Consumers in Idaho may continue to
purchase sugar tor faintly use on the
two pound per capita monthly basis
for a 30-day supply under the ruling
of Food Administrator Bioknell made
effective October 1.
A sheepherder employed by Tom
Richardson of Inkom created no little
indignation In the east aide residence
section of Pocatello by attempting to
drive it herd of 1000 sheep through the
city. He was fined $50.
Notice lias been received at Blnek
foot of the death In action In France
of Eugene Main. Mr. Main enlisted
with a Canadian infantry regiment and
it was while he was yet in that service
that he was killed, September 29.
State health officials, when they
started out to serve warrants
number of Boise pool hall men who
had been reported as falling to ob
serve the hoard's
unable to find a single violator in the
city.
upon a
•losing order, were
Licensed potato dealers will pay 20
per cent more for U. S. No. I potatoes
than for U. S. No. 2 grade, it was
agreed at a meeting of the dealers held
nt Boise at the request of It. F. Klck
nell, federal food administrator for
Idaho.
In llte district court at Salmon, Ross
Williams was convicted of
with a deadly weapon likely to pro
duce great bodily harm." He stabbed
James Jones nt Salmon last winter,
nearly disemboweling the victim, but
Jones recovered.
"nssnult
John Cobb, a pioneer of Washington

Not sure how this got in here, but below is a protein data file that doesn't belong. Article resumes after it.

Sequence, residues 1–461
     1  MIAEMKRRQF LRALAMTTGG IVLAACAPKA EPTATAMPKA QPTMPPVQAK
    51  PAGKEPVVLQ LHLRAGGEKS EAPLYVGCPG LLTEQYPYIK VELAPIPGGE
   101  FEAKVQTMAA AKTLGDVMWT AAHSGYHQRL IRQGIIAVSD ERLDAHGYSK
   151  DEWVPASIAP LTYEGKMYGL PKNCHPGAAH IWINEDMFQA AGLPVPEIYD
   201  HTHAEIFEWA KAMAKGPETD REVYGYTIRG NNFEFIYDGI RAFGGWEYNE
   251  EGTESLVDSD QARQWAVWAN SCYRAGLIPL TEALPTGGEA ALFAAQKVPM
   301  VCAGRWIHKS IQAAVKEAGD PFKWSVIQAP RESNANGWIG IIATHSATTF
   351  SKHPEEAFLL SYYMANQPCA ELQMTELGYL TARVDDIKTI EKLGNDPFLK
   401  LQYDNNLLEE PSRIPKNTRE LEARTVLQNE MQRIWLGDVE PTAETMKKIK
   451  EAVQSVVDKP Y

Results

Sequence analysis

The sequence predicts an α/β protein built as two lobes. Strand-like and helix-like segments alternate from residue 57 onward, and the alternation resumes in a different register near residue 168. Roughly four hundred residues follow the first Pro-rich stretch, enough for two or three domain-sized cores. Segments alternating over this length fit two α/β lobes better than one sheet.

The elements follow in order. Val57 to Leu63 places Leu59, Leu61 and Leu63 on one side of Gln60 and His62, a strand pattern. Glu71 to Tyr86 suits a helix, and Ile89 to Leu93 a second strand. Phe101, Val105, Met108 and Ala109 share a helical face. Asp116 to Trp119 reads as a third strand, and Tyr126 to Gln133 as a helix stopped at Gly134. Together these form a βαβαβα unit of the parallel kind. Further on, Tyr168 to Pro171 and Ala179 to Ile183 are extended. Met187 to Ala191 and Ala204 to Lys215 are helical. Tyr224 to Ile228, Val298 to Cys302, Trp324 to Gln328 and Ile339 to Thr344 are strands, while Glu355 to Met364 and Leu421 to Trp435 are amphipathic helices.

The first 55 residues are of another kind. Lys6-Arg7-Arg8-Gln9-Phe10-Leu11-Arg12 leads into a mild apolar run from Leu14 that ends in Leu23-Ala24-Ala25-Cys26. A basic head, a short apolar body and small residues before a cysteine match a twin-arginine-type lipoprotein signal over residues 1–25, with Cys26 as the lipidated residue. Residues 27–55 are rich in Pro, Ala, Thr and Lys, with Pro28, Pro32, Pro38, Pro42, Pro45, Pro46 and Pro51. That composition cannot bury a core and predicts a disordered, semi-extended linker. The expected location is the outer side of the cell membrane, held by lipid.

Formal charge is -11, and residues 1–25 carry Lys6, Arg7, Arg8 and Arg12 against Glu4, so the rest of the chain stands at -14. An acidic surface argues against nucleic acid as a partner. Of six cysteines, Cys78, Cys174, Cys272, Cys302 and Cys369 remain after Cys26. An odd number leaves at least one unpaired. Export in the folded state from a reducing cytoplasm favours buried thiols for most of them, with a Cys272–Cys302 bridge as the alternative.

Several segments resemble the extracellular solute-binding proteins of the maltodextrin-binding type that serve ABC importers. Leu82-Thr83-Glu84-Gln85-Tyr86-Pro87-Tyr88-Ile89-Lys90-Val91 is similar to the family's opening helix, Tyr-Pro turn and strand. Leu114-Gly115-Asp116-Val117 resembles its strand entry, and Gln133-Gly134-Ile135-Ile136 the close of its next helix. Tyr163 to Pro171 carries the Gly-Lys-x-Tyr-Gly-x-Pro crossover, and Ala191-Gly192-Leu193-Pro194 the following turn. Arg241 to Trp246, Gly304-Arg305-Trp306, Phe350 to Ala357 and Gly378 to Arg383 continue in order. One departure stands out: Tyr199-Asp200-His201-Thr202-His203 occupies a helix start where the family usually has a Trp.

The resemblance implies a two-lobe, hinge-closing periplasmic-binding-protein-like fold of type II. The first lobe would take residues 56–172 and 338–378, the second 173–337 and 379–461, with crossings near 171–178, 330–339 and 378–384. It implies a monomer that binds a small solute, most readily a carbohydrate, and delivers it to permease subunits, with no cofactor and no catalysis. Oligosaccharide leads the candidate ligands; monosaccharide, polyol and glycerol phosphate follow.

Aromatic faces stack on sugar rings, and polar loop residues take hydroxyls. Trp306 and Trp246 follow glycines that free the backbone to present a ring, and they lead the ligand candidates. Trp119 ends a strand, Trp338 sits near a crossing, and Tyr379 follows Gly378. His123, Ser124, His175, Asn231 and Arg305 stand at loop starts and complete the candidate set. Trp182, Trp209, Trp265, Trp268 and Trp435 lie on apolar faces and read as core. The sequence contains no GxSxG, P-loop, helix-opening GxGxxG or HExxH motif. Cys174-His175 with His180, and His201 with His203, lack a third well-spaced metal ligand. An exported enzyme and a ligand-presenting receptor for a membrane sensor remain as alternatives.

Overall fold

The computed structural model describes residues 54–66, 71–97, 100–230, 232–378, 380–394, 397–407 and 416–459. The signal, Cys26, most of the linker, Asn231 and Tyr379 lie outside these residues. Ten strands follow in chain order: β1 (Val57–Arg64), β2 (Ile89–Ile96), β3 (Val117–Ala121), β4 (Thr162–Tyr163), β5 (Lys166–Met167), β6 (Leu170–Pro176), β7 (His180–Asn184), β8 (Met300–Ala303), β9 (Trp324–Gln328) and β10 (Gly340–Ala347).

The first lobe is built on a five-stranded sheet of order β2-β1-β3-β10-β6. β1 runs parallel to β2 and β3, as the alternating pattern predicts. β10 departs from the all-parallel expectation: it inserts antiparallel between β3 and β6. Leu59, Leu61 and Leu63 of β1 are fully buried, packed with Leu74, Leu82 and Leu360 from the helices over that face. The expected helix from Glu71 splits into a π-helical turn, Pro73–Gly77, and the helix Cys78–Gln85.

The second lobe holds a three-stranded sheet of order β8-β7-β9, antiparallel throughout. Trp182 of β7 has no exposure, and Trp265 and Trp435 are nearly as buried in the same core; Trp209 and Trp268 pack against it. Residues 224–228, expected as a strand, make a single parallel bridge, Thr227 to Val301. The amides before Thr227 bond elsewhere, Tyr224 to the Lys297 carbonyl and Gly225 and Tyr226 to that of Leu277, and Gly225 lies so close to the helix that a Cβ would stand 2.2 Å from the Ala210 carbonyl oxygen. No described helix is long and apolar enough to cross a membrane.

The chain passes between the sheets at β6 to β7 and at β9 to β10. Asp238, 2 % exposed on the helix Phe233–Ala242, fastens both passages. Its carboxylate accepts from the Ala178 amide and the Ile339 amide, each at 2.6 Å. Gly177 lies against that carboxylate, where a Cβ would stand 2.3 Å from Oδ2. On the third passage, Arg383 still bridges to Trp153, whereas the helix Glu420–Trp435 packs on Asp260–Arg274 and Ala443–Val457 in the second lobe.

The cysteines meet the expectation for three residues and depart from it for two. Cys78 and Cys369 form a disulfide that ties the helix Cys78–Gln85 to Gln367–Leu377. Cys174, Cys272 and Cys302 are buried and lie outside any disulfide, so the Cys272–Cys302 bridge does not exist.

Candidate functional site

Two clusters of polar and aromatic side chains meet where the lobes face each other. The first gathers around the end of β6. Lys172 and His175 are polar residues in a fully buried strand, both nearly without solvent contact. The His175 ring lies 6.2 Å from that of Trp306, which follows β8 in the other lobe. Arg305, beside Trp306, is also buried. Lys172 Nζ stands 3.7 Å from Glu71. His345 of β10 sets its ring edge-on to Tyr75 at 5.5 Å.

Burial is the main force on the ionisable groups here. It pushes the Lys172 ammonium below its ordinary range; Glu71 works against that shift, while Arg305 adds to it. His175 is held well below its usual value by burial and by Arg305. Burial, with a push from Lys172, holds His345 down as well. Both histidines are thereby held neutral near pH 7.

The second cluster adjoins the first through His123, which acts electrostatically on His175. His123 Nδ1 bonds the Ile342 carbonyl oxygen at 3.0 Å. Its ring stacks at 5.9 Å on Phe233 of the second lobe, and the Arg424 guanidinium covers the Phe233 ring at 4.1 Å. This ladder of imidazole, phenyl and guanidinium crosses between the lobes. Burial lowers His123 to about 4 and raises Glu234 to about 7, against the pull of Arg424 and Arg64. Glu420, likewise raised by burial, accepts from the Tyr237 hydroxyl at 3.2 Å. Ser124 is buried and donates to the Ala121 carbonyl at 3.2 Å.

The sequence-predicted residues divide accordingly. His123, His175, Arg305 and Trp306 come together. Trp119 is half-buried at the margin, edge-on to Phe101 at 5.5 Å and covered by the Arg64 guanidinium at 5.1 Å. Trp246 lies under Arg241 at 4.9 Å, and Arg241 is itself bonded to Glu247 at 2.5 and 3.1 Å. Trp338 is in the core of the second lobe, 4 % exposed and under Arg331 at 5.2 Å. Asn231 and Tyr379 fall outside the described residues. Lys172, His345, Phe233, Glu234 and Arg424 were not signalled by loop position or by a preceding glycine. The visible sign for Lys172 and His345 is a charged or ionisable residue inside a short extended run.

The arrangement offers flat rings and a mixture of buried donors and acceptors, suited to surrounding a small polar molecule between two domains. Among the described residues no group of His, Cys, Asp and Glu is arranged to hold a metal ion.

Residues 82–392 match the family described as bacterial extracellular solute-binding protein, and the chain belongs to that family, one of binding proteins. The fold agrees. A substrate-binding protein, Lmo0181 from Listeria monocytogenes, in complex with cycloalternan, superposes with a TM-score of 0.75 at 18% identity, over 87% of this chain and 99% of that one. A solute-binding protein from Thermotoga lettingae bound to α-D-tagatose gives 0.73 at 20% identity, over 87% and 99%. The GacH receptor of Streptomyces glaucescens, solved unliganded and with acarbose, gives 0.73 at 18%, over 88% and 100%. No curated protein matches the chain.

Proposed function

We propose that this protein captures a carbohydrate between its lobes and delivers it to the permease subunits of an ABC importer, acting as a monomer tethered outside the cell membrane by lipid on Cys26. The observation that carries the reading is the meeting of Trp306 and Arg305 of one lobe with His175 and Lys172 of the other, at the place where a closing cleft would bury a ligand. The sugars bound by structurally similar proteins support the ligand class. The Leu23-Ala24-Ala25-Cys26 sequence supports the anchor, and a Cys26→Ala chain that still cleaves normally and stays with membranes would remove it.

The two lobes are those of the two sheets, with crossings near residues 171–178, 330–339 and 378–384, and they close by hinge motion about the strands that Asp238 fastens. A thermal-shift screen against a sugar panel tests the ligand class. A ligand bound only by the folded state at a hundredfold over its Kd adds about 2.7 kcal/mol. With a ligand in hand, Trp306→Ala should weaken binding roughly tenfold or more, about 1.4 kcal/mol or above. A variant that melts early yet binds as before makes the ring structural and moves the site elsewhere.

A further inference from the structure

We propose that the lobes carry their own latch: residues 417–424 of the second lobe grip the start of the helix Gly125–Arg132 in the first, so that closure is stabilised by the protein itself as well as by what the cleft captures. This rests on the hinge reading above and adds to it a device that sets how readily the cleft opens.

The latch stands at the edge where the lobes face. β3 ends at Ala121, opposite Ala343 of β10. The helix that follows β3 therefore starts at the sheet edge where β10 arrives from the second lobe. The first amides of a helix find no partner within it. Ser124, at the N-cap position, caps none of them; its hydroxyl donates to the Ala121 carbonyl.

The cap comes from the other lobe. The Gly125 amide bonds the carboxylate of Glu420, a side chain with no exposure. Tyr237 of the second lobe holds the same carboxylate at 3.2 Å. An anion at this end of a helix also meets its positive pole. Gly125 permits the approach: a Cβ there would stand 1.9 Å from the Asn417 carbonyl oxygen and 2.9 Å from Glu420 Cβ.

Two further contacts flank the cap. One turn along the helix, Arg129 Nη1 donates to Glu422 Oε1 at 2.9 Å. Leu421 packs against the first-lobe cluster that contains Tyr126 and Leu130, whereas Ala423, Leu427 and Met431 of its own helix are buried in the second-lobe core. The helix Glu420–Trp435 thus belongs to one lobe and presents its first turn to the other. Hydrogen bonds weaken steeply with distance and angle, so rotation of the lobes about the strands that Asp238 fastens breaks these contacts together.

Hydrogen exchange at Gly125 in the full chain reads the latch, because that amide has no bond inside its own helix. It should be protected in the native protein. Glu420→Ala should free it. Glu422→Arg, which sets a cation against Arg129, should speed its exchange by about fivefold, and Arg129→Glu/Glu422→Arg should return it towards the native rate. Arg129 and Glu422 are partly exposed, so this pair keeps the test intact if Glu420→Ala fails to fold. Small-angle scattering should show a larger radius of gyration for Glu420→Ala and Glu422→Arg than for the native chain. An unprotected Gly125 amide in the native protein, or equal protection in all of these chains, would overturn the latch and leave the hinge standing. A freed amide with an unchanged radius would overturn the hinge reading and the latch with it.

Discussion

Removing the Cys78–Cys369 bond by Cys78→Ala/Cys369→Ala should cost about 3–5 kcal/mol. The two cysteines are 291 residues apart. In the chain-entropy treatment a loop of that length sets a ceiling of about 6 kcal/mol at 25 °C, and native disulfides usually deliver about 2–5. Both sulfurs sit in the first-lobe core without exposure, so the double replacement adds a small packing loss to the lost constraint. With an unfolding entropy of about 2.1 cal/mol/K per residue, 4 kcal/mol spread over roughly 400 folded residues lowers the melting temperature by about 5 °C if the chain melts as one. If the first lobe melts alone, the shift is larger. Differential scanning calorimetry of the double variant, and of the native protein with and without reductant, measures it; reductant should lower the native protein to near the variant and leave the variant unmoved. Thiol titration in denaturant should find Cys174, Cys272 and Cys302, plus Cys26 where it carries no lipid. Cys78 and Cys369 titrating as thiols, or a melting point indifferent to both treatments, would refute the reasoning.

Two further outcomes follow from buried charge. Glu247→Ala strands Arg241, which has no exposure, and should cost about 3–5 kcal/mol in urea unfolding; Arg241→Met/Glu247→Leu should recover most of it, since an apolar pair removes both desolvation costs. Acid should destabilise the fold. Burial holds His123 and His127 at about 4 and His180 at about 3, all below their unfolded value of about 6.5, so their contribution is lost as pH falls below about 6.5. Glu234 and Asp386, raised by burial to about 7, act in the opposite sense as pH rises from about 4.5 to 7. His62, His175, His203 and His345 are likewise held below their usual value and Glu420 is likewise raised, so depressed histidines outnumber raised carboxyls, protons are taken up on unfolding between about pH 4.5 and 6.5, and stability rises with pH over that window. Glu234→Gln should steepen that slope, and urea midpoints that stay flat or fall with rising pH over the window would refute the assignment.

county, one of the trustees of the First
National hank, was found dead in his
garage at Weiser. Death was due
either to heart failure or asphyxiation,
but evidently came very peacefully, as
there lmd been no. struggle.
The third cutting of alfalfa is
harvested in the vicinity of Star, and
with the late rains and the favorable
weather the prospects for good late
pasture for stock are excellent. The
clover seed is practically all cut and
the Indications are for a bumper crop.
The Stanfield Sheep company ship
ped into New Plymouth a trainload of
sheep, to he fed on the Strohbenn
ranch tilt's winter.
now
Stockmen have
been taking note of the Fayette valley
hay ranches, nnd a number art;
templuting moving their stock to this
vicinity.
con
The Idaho school of forestry Is
bouncing the 1918-19 session of its
The course Is especial
ly planned for rangers and guards,
for those who wish to enter such ser
vice.
111!
ranger course.
• T
It prepares for the civil
ice examination for Ihe
forest ranger.